"Sputnik" help  
Sputnik Help
Language Reference - Classes
"options" Class <name>
{
<statements>
... } "options" Class <name> Inherits "listOfClasses"
{
<statements>
... }

Description

A class in Sputnik is just an object but it is designed to be very easy to use and provide a lot of power with its built in language level support.

Parameters

<name> The name of the class it can be made of alphanumeric characters and _ characters.
<inherits>

Optional; A list of classes to inherit. See Inheritance.

<statements> Optional; None or more statements to be executed by the class at creation time.
<options> Optional; You can add special rules to your function to tell it how to operate using the [] brackets before the word "Function".

Here is a list of the possible rules:

TYPE                   WHAT IT DOES
"r"                    Causes the class to REPLACE another class by the same name if it exists

Remarks

None.

Related

With Statement
Abstract Functions
Static Classes
Embedded Classes
Class Inheritance
Class Rule Replace
Magic Functions
Cast Overrides
Operator Overrides

Example

Heres a very minimal example of using classes to create "Cat" objects where each one contains it's lives:

// define a class called Cat
class Cat
{
    my $lives; // gives it a variable to store lives in
    // here is the constructor you setup to help making the class
    Function __Construct($l)
    {
        $lives = $l; // store the lives
    }
}

// make two cat with different lives
my $felix = new Cat(9);
my $fluffy = new Cat(4);

// print it out
say "Felix lives: " . $felix->$lives;
say "Fluffy lives: " . $fluffy->$lives;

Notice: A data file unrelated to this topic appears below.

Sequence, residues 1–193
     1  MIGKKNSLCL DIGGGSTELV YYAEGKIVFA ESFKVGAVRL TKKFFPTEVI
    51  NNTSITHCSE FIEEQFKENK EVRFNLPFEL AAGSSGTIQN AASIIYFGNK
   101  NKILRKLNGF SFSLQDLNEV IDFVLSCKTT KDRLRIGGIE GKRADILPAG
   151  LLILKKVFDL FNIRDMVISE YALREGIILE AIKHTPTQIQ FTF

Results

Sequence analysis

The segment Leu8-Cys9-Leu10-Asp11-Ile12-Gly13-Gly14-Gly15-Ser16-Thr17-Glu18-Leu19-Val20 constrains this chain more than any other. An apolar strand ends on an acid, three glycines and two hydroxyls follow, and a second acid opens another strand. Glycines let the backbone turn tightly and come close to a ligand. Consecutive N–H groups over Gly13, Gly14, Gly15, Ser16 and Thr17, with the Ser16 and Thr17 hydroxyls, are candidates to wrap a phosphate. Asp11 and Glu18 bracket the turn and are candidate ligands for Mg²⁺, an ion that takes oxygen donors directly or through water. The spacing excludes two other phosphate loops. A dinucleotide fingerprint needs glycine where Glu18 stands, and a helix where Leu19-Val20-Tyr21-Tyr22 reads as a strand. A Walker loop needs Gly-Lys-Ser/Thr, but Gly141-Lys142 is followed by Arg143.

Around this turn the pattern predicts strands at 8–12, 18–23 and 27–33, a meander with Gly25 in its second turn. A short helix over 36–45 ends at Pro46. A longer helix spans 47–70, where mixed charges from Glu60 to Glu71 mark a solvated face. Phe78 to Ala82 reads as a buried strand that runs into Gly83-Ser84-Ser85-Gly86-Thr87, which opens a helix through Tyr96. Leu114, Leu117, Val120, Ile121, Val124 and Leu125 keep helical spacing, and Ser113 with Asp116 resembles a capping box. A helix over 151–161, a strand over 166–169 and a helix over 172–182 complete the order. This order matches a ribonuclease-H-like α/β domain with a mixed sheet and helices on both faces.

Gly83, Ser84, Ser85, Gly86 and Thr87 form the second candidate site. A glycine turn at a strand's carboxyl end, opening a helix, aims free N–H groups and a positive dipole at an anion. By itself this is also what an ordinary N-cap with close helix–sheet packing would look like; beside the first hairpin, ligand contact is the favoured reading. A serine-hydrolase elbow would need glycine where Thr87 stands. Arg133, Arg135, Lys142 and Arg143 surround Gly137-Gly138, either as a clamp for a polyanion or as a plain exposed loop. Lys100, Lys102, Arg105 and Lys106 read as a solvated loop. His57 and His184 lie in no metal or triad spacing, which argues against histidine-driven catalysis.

// PRINTS
// Felix lives: 9
// Fluffy lives: 4

The same as above but using a code block { } which allows us to run code inside the class at initalization so we can actually use a StdClass instead of having to make a new one:

// make two cat with different lives
my $felix = new StdClass() { @this->$lives = 9; };
my $fluffy = new StdClass() { @this->$lives = 4; };

// print it out
say "Felix lives: " . $felix->$lives;
say "Fluffy lives: " . $fluffy->$lives;

// PRINTS
// Felix lives: 9
// Fluffy lives: 4

Same as above but defining the name inside the class too:

// make two cat with different lives
my $a = new StdClass() { @this->$name = "felix"; @this->$lives = 9; };
my $b = new StdClass() { @this->$name = "fluffy"; @this->$lives = 4; };

// print it out
printf("%s lives: %d\n", $a->$name, $a->$lives);
printf("%s lives: %d\n", $b->$name, $b->$lives);

// PRINTS
// Felix lives: 9
// Fluffy lives: 4

Classes use a special @this macro inside themselves it always contains a reference to itself for example:

class Cat
{
    my $name;
    Function __Construct($n)
    {
        $name = $n;
        say "Our name is: " . @this->$name;
        printr @this;
    }
}

my $felix = new Cat("Felix");
my $fluffy = new Cat("Fluffy");

// PRINTS
// Our name is: Felix
// cat Class
// (
//     [name] => Felix
// )
// Our name is: Fluffy
// cat Class
// (
//     [name] => Fluffy
// )

Ths @this macro only exists within the class itself.

In Sputnik core functions are always prioritized over class functions to get around this problem make sure to use the @this macro like so:

class test
{
    Function Clear()
    {
        say "Clear!";